3

But it is not necessary to a conviction under the Act that the sole and single purpose of the transportation of a female in interstate commerce was such immoral practices. It is enough that one of the dominant purposes was prostitution or debauchery. It suffices if one of the efficient and compelling purposes in the mind of the accused in the particular transportation was illicit conduct of that kind. The illicit purpose denounced by the Act may have coexisted with other purpose or purposes, but it must have been an efficient and compelling purpose. Long v. United States, 10 Cir., 160 F.2d 706; Simon v. United States, 4 Cir., 145 F.2d 345; Mellor v. United States, 8 Cir., 160 F.2d 757, certiorari denied, 331 U.S. 848, 67 S.Ct. 1734, 91 L.Ed. 1858. The necessary intent, purpose, and motive on the part of the accused may be proved by circumstantial evidence. And as bearing upon that essential element of the offense, the conduct of the parties within a reasonable time before and after the transportation may be taken into consideration. Long v. United States, supra; Tedesco v. United States, 9 Cir., 118 F.2d 737; United States v. Reginelli, 3 Cir., 133 F.2d 595, certiorari denied, 318 U.S. 783, 63 S.Ct. 856, 87 L.Ed. 1150.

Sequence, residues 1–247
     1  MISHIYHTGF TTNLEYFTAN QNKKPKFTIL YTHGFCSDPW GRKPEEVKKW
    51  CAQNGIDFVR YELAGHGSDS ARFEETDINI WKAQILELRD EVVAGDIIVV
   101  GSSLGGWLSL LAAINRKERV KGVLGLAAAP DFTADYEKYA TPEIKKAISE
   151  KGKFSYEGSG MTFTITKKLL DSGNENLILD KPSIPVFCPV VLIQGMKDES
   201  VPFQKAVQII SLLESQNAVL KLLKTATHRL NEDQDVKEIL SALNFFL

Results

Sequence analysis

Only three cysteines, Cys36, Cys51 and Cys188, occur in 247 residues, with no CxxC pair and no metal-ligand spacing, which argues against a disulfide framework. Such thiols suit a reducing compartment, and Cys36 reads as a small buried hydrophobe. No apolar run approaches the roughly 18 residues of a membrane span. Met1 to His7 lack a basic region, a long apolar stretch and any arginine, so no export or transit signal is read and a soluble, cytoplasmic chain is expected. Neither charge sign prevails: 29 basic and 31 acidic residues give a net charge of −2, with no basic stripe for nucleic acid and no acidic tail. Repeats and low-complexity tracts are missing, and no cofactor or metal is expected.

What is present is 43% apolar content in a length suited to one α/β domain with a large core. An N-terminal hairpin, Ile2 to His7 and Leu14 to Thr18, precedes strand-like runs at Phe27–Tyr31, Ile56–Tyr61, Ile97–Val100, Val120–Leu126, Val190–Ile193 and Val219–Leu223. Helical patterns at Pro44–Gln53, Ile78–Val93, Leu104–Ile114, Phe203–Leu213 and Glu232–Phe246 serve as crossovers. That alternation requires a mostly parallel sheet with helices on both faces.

4